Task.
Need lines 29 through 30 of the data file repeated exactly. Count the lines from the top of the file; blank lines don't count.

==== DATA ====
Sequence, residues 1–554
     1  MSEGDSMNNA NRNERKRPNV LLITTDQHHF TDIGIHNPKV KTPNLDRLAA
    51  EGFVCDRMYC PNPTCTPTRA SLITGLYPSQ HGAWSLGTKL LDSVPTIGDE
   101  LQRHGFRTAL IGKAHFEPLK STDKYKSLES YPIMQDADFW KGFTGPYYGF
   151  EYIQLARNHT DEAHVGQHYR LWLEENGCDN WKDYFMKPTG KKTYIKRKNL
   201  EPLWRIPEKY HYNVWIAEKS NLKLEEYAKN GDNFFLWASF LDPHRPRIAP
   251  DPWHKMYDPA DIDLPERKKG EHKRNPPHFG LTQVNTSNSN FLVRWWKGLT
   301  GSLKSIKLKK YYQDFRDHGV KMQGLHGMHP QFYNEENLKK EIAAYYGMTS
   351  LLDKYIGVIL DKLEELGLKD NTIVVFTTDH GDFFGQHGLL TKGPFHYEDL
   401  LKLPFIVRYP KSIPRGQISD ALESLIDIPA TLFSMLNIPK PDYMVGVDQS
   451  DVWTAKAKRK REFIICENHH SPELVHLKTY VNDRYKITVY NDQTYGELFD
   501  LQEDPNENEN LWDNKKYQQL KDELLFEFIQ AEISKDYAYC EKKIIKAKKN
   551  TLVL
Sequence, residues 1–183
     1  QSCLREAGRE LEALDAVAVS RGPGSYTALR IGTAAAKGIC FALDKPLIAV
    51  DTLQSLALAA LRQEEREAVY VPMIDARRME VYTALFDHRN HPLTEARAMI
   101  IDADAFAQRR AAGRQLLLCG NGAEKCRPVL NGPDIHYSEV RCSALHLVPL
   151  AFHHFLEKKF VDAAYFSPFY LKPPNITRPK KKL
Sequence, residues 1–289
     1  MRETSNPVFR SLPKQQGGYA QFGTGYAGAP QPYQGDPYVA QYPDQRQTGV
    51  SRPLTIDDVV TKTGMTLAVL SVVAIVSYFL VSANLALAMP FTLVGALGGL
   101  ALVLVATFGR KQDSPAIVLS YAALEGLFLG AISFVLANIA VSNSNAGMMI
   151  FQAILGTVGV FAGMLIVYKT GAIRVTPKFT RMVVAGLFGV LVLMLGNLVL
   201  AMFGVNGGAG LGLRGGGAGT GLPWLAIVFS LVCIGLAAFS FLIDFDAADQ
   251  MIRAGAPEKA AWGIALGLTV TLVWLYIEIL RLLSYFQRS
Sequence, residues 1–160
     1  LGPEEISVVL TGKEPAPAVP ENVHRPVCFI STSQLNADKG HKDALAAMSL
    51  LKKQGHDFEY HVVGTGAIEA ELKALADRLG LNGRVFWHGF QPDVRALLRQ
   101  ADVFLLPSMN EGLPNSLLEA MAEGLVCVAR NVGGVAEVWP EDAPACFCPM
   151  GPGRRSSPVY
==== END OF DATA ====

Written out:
   101  ADVFLLPSMN EGLPNSLLEA MAEGLVCVAR NVGGVAEVWP EDAPACFCPM
   151  GPGRRSSPVY